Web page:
Fantasyland is a great early morning or end-of-day stop. The crowds may erode pixie dust otherwise.
Some say this land looks outdated, but I love the old-fashioned vision of the ‘future’. There’s something oddly cozy about the metallic colors and electronic background music.
While not as aesthetically pleasing as other lands, Tomorrowland (ironically) feels frozen in time. As an admirer of Walt Disney, I love it.
I could easily spend an entire day in this land just re-riding the attractions.
The PeopleMover is an incredibly relaxing way to tour the entire area from the sky. The Monsters Inc. Laugh Floor never fails to amuse me. And Walt Disney’s The Carousel of Progress ride is not only very entertaining but it’s a piece of company history.
Also, Tomorrowland is home to Space Mountain, one of the greatest coasters of all time. In an age where coasters are getting higher, faster, and more death-defying, Space Mountain is still a fan favorite.
The simple effects of darkness, whooshing soundtracks, and floating galaxy lights still impress thrill seekers.
When you need to recharge, Cosmic Ray’s Starlight Café is a solid place for burgers and seasonal menu items.
Granted, this land isn’t perfect. It’s stained by the memory of Stitch’s Great Escape and Buzz Lightyear’s Space Ranger Spin hasn’t aged well over time.
Despite that, I can’t pass up a Tomorrowland adventure.
#2 Liberty Square
I believe Sam Eagle would describe this area as, “A tribute to all nations, but mostly America”. I also adore Liberty Square.
This lovely land is dedicated to America at the peak of its birth. Stroll along this colonial square for sights that will fill you with patriotism.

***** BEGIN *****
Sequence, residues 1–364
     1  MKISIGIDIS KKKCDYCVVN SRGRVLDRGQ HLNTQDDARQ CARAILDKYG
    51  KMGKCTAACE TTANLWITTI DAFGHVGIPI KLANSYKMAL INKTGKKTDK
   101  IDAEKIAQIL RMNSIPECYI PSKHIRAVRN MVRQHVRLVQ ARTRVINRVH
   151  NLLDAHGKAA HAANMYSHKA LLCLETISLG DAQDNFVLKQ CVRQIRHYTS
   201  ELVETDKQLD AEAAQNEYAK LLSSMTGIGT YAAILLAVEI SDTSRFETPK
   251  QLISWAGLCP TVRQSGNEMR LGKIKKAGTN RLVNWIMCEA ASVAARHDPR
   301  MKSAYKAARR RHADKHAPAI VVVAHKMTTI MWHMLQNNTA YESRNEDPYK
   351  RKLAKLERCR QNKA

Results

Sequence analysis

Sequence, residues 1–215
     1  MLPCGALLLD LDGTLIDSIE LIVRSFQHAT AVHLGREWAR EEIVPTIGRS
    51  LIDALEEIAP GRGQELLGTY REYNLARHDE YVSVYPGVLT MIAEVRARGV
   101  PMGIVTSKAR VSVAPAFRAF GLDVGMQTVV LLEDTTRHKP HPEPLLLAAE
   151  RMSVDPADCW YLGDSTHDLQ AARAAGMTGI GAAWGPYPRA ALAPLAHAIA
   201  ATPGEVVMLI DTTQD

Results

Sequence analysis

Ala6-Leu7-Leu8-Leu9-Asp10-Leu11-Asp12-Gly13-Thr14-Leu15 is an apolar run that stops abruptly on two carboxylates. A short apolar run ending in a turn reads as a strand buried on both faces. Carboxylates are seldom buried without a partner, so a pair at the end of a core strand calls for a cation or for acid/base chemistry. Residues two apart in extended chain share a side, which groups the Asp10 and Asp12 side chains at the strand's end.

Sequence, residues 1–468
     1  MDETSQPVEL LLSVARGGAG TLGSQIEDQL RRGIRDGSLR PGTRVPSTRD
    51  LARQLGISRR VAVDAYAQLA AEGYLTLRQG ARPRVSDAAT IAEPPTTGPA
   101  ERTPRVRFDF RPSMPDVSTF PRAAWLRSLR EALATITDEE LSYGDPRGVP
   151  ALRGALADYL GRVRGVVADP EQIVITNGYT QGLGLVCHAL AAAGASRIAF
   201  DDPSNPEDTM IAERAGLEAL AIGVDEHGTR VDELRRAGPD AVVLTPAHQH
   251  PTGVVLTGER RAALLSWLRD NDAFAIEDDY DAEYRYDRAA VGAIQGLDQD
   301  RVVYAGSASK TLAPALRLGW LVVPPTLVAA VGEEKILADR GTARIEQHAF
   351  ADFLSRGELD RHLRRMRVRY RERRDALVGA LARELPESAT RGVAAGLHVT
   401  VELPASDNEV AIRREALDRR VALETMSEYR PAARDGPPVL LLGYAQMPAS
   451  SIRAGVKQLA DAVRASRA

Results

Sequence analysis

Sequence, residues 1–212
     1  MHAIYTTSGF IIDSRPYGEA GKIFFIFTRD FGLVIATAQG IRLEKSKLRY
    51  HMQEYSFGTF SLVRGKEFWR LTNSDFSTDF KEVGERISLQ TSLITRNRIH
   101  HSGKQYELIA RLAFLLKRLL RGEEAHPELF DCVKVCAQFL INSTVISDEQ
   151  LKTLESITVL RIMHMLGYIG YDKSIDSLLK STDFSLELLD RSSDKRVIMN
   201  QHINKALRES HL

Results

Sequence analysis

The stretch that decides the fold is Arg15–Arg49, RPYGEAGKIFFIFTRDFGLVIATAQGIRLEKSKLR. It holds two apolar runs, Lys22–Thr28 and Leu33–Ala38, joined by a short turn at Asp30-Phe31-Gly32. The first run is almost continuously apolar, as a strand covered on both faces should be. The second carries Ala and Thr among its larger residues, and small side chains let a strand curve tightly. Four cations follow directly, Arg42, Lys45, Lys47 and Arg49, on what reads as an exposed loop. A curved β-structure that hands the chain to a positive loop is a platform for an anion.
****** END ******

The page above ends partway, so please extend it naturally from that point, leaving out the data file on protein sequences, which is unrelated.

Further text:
First, there is a recreation of the famous Liberty Tree, where colonists used to congregate in Boston. This tree is outside The Liberty Tree Tavern, which is arguably the best sit-down meal in the park.
(This Thanksgiving-centric restaurant is all-you-can-eat, but I’d urge you to save room for a dessert waffle or funnel cake from Sleep Hollow Refreshments.)
After stuffing yourself, take in a show at the historic Hall of Presidents. Admire some of Disney’s best animatronics and listen to inspiring messages from our founding fathers.
Then, test your courage by riding the spooktacular Haunted Mansion. Inspired by the Pennsylvania manor of Harry Packer, this foreboding house beckons you on a journey that is both silly and sinister. “Look alive” for it.
And finally, don’t forget to stop in the Ye Olde Christmas Shoppe, which is open year-round. Bring home beautiful holiday décor or an ornament that can be personalized on-site.
You never know, Liberty Square may inspire you to see more of our great nation!
#1 Main Street U.S.A.
Main Street U.S.A. is not only my favorite land. It’s one of my favorite places in the universe.
I never tire of this idyllic street. The pristine turn-of-the-century of this land lends itself to charming storefronts, nostalgia, and endless magical details. (Plus, it’s the perfect setting for Cinderella Castle.)
Before the days get too packed, I recommend taking a leisurely walk to admire the special touches. Read all the shop windows for Imagineering Easter Eggs. Listen to the jaunty music playing tunes from Broadway classics, like Hello, Dolly! (1964).
(Definitely don’t miss the harmonizing Dapper Dans barbershop quartet.)
Main Street U.S.A. is the pinnacle of shopping with the Main Street Confectionary (for sweets), Uptown Jewelers (for fine jewelry and designer goods), and the Emporium (for everything else). Don’t be fooled though, it’s not only a shopping destination.
Main Street U.S.A. is home to beloved eateries like Casey’s Corner, the Plaza Restaurant, and the Winnie-the-Pooh and friends character meal at the Crystal Palace.
After shopping and filling your belly, don’t rush to leave. Stop and visit Mickey at the Town Square Theater or catch a round-trip ride on the Walt Disney World Railroad.
Main Street U.S.A. is the best of Disney World and the best of America. Technically, its only drawback is its lack of attractions.
So, what are your thoughts? Do you agree or disagree with this ranking?
Regardless, I hope you can visit your favorite “land” very soon!